Although legumes fix nitrogen, they can also uptake nitrogen from the soil leaving it deficient. In fact, if there is surplus nitrogen available, legumes will obtain the bulk of their nitrogen needs from the soil rather than through biological fixation.   Due to difficultly in predicting mineralization, apply a small amount nitrogen starter fertilizer for cash crops following a legume cover crop.

Figure 2. A mixture of vetch, winter pea, and forage radish in May 2013. This field contains approximately 4,500 lbs/acre of biomass with an estimated 110 lbs of total N/acre or 55 lbs of N that could potentially be available for the following summer crop.

Nutrient Capture and Storage

Non-legume cover crop species can be planted to capture nutrients left in the soil, thus preventing leaching of nutrients and acting as a catch crop.  These catch crops are most commonly used to recover nitrogen that may be leach from the surface. In wet environments, it is common to plant a cereal crop after soybean for this purpose.

Deep-rooted cover crops have been promoted as moving immobile nutrients such as potassium from the subsoil to the surface. This movement of deep soil nutrients certainly occurs but at a slow rate, so efforts to quantify this affect have been challenging.

Insect and Weed Pest Suppression

Cover crops can be an effective tool for reducing weed density and growth by competing with weeds for light, water and nutrients during the fallow period.  Unlike weeds, most cover crops are effectively terminated using glyphosate.  Suppression of weed growth using cover crops is particularly useful for herbicide resistant weeds. Of course if weed management is one of your objectives, be certain to control weeds prior to cover crop planting, so weeds do not out compete the cover crop prior to canopy closure.

Cover crops can break certain disease and insect cycles that can develop in simple rotations.  Brassicas and mustards are the cover crops most often cited as providing biofumigant benefits because of the production of thiocyanates during the decomposition of residues from these cover crops.  These compounds are known to suppress bacterial, fungal, insect, nematode and weed pressures; however, research on this subject is very limited and concentrations produced by cover crops are very low.  Therefore, the effectiveness of cover crops as biofumigants is highly uncertain, but many long time cover crop producers commonly report reduced disease incidence and severity in cash crops following brassica and mustard cover crops.

Cover Crops as a Forage Source

Historically, cover crops have not been harvested for forage or grain; however, flexibility is a virtue and grazing or haying cover crops or even harvesting the seed from them to replant or sell provides that flexibility.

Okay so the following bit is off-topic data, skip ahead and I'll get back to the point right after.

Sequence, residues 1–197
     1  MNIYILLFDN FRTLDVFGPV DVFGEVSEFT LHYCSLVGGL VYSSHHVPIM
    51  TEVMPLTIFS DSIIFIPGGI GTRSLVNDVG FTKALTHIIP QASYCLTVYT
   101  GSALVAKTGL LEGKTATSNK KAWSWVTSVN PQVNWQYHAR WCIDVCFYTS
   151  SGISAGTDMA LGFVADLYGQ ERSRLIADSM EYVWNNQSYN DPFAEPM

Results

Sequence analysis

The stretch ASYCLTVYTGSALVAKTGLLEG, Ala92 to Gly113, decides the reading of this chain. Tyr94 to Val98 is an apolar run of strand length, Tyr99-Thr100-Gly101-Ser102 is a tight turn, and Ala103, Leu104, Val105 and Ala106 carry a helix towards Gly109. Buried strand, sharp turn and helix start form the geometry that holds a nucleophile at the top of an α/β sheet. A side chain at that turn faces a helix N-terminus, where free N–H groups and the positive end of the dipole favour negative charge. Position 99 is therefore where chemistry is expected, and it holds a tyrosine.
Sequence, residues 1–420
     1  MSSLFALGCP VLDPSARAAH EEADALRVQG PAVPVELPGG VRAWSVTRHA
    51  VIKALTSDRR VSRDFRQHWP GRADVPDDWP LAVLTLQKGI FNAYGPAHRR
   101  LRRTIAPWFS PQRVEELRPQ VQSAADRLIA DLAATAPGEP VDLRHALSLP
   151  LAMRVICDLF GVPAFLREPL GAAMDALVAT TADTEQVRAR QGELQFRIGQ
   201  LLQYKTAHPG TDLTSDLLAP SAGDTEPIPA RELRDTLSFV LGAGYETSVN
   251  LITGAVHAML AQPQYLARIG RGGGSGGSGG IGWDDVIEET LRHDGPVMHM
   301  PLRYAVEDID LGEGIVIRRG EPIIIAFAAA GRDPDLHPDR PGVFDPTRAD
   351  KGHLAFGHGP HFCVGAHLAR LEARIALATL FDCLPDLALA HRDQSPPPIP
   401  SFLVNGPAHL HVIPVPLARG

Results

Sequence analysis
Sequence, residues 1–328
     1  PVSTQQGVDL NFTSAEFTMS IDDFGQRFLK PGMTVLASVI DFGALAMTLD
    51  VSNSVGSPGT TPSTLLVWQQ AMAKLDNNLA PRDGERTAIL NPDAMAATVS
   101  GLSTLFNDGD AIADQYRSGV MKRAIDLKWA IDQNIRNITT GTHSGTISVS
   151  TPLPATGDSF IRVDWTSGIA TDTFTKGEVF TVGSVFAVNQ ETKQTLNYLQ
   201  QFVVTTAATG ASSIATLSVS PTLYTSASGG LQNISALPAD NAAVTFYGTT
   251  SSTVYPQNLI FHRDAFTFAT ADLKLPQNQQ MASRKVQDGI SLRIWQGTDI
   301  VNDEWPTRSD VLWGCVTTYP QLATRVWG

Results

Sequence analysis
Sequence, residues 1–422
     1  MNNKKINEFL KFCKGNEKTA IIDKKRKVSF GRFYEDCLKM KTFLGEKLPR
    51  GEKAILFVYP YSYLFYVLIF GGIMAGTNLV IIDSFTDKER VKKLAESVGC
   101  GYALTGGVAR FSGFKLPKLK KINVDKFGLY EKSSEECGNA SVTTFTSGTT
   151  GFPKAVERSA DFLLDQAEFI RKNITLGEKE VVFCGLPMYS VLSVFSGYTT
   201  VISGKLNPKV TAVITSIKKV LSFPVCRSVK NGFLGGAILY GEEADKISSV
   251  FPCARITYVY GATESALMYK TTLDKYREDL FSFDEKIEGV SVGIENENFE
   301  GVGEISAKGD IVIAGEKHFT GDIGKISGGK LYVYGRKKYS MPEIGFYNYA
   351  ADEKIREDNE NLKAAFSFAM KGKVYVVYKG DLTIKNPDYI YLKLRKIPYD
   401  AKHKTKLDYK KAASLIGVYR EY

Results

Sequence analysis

Utilizing cover crop forage are generally the most frequently asked questions.  Studies have shown that grazing can increase the rate of nutrient cycling and can be an effective tool to manage excess residue in a no-till system if the following crop is sensitive to heavy residue conditions.  As with any system, there are trade-offs, and grazing will reduce the residue cover thereby decreasing moisture conservation after termination.  There is a potential for compaction in no-till if cover crops are over grazed.  To prevent overgrazing, use a stocking intensity that is low enough to allow for 90 percent to 100 percent ground cover after grazing.  This will ensure that there are still plenty of actively growing roots to prevent compaction and that the surface does not crust or dry excessively.

Additional Considerations

Utilization of cover crops in Oklahoma is a new concept, and there are countless options on how to use them and what species to plant.  As with any new practice, it is advisable to try a few acres and see how they respond before planting your whole farm.  As mentioned previously, cover crops use soil moisture. In general, much of this water would be lost to evaporation anyway and be replenished during our planting seasons in the spring and fall.  A sandy soil will require less rainfall to recharge its subsoil compared to a heavy textured clay loam.  The sandy soil, because it has a lower capacity to hold water will benefit more from the reduced evaporation resulting from increasing surface residue.  For this reason, consider trying cover crops on your lighter soils first.

Finally, cover crops are generally meant to improve the “health” of a soil by the above mentioned mechanisms.  Therefore it makes sense to try to improve the productivity of degraded or low productivity soils before trying to improve the performance of your best soils.  Identify the production limitations most affecting your cash crop production and select the cover crops that are most likely to improve the condition.


Jason Warren

Soil Conservation Extension Specialist

Kevin Meeks

Graduate Research Assistant

Jeff Edwards

Small Grains Extension Specialist

DASNR Extension Research CASNR
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Oklahoma State University
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OKLAHOMA STATE UNIVERSITY